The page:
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English

English

Students in the Merrimack English program learn that literature, film and other forms of storytelling have the capacity to influence social change, challenge dominant versions of history, rewrite cultural myths, shape concepts of identity, and represent aspects of lived experience that cannot be expressed fully. They become knowledgeable about the ways in which culture shapes word, artist, reader, text and events, and they develop an understanding of the entire creative process, from the creation of imaginative writing to the interpretation of it by skilled, agile readers.

Our small course sizes promote close contact between students and professors and permit faculty to read carefully and respond thoughtfully to what students have written. We dedicate ourselves to fostering conversation about literature and writing in and out of the classroom; we learn quickly and remember our students’ names; we devote individual attention to those who seek it. We value all forms of writing, whether formal or informal, creative or academic, because we have found that writing triggers discovery, cultivates the formation of dialogue between readers and books, and closes the distance between readers.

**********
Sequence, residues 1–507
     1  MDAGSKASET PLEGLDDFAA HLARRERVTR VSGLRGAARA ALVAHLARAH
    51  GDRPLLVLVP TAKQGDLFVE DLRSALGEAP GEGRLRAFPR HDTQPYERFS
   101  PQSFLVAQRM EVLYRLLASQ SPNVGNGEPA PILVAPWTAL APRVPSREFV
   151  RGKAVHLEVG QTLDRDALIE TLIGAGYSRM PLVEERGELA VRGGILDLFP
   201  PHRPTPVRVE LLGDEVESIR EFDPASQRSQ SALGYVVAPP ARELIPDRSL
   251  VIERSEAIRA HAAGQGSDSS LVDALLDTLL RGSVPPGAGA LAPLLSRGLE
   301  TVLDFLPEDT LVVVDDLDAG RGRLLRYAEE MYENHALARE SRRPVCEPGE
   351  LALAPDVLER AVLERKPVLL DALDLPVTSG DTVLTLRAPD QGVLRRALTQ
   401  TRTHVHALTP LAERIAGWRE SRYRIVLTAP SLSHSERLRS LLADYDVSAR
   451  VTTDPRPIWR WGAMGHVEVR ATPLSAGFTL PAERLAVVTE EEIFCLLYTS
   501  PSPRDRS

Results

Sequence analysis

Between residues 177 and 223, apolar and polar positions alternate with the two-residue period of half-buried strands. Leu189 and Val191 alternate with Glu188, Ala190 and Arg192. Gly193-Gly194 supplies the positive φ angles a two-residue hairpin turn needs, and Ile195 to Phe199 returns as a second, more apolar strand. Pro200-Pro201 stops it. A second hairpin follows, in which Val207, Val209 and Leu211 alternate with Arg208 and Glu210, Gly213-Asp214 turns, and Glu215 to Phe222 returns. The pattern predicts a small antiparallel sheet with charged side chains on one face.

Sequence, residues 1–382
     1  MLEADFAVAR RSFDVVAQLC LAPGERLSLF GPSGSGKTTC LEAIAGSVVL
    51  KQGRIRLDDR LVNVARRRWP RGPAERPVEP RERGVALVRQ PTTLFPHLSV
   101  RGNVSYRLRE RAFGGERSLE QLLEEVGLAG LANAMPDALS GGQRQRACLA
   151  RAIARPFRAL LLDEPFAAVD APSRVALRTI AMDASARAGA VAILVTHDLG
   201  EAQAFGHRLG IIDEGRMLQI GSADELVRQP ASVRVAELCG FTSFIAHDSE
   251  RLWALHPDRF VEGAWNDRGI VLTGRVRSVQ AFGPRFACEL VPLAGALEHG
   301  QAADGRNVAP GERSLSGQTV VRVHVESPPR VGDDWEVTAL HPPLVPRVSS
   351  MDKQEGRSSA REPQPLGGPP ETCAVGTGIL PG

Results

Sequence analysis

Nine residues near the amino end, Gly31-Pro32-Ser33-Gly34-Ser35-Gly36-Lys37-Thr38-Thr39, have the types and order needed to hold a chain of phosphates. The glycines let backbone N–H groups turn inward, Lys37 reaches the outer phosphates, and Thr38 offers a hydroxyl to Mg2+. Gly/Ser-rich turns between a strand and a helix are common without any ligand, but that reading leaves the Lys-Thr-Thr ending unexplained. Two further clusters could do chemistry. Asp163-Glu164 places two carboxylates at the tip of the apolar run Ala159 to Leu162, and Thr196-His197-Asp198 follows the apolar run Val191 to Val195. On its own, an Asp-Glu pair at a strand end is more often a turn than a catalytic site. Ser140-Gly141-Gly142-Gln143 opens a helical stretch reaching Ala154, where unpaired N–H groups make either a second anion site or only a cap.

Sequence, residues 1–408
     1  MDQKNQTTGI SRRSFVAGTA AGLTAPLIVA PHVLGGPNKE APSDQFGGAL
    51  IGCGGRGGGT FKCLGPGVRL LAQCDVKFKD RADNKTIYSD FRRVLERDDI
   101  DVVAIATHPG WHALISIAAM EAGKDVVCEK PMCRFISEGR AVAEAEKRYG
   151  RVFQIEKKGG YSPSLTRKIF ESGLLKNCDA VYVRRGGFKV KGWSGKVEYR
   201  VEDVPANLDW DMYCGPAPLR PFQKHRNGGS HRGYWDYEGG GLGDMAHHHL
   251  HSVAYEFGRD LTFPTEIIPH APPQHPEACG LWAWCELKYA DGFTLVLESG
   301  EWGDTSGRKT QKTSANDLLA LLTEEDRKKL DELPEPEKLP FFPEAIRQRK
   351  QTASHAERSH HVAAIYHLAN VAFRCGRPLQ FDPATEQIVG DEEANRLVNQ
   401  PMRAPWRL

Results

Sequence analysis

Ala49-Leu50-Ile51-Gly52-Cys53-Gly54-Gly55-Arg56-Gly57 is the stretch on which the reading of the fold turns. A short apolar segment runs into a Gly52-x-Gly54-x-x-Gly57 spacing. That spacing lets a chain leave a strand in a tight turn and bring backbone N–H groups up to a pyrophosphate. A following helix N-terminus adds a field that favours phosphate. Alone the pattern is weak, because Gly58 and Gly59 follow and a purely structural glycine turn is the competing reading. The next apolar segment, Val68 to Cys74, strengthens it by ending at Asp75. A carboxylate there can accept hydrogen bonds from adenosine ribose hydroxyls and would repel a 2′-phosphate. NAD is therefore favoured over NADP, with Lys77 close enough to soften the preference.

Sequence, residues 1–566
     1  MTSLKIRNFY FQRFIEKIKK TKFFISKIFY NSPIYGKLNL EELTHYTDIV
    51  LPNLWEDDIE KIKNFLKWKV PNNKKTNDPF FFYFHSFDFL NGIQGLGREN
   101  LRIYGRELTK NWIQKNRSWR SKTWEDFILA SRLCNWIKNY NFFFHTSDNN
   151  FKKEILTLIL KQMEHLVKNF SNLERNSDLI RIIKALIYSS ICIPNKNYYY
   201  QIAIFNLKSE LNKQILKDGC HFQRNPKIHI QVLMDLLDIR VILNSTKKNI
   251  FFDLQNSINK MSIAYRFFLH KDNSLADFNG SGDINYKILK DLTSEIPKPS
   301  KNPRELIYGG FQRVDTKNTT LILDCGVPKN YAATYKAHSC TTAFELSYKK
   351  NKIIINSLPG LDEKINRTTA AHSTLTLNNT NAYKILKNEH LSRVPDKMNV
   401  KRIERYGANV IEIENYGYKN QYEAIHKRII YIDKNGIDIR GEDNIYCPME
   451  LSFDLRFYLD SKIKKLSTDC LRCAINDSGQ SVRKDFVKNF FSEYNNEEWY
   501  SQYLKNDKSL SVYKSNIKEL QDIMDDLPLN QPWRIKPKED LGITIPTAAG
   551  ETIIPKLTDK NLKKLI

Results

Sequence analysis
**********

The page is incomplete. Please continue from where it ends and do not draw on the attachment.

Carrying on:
Professor Vatalaro's students from the New England Shore seminar at the Parker River National Wildlife Refuge on Plum Island, Massachusetts.Professor Vatalaro's students from the New England Shore seminar at the Parker River National Wildlife Refuge on Plum Island, Massachusetts.

What’s New

 

Join us for the 1st Annual Awards Ceremony and Reception on April 24th,
4 PM, at The Writers House

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Read the seventh edition of
the Broadsheet now!

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New Courses for 2014 - 2015

  • Creative Writing: Nonfiction
  • The Undead Eighteenth Century: Origins of English Gothic Literature
  • Literary New England: The Massachusetts Experience
  • Michael Jackson: Reading the King of Pop as Cultural Text

New Courses for 2013 - 2014

  • Chaucer and Popular Culture
  • Creative Writing: Screenwriting
  • Mixing & Mashing Monsters: From Beowulf, to Tolkien, Critchton, and Back Again.
  • The New England Shore